A photo from the early 20th century showing the Longfellow (then Cambridge) Bridge’s arches under construction. Image via Wikimedia Commons.
Cars and MBTA Red Line trains won’t cross the Longfellow Bridge this weekend, part of a planned service diversion associated with the bridge’s landmark rehabilitation project. Instead, buses will run between Kendall/MIT and Park Street stations. Pedestrians will be able to cross the bridge as they always have, but cyclists will be asked to walk their bikes across the river. There will also be alternating lane closures on Memorial Drive eastbound this weekend.
The detours for motorists remain the same as they were in previous weekend diversions. Here’s a map of those detours, but you can always find more resources at MassDOT’s Longfellow Bridge page.
Halloween’s over when we say it’s over! Image via Wikimedia Commons.
Halloween was yesterday, but the Harvard Square Business Association is making sure the holiday’s spooky spirit remains alive (OR MAYBE UNDEAD!) throughout the weekend. Harvard Scare at Harvard Square highlights the fun ways local businesses are celebrating Halloween. Pedicabs can be hired to bring adult trick-or-treaters to participating businesses; the Harvard Coop is holding an all-ages pumpkin decorating contest tomorrow; Russell House Tavern is highlighting the Mexican traditions of Dia de Los Muertos; and just about every restaurant and bakery in the square is featuring pumpkins and other seasonal fare.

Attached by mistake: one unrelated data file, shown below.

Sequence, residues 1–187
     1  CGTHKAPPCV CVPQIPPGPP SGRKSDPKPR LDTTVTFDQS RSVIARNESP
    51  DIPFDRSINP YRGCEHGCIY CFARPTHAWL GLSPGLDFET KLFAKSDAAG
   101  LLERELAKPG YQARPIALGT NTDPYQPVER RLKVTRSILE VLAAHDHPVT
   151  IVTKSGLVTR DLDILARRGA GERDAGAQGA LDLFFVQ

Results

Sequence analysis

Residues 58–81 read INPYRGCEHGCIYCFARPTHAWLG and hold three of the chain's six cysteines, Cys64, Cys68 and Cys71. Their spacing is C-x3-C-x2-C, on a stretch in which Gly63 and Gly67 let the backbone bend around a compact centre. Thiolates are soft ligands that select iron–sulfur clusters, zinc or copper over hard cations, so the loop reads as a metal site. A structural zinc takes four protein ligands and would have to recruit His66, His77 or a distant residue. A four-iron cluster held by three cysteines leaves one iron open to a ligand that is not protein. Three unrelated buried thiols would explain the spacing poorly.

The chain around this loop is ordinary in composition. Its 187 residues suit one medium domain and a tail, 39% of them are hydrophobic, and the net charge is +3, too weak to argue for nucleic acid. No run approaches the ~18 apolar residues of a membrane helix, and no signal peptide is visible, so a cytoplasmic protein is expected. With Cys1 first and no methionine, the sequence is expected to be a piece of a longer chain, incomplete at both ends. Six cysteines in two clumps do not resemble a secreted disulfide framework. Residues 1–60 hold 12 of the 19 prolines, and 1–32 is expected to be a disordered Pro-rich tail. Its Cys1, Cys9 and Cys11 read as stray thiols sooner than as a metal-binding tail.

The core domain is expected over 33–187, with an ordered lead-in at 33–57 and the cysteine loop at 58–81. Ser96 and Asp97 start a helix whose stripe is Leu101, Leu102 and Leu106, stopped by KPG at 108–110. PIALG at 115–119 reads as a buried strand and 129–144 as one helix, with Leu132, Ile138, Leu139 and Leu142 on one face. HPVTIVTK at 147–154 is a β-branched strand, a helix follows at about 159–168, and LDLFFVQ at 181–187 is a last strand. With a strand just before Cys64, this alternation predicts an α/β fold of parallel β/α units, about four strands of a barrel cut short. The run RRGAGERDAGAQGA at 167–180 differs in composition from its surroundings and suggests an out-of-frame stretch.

So, if you’re not quite ready to put your costume away until next year, or if you’re just looking for something to do this weekend—aside from attending the Red Sox’ rolling rally, of course—stop by Harvard Square.
From 2-4pm on Halloween, every Cambridge Fire Department station—like this one near Central Square—will be open to the public. Image via Wikimedia Commons.
It’s an annual tradition for the men and women of the Cambridge Fire Department: from 2:00pm-4:00pm on October 31, all CFD stations will be open to the public. Parents and trick-or-treaters are encouraged to stop by, take a look at the big red trucks, and grab some free candy and glow sticks for later on in the evening. The candy has been generously donated by Cambridge Brands on Main St., and all open houses are completely free.
Engine 5 at the Inman Square fire station is currently down for repairs, but other than that, every fire engine should be available for your little ones. If you have any questions, please contact the Cambridge Fire Department’s Lieutenant Michael Hughes at 617-349-4153 or email@example.com.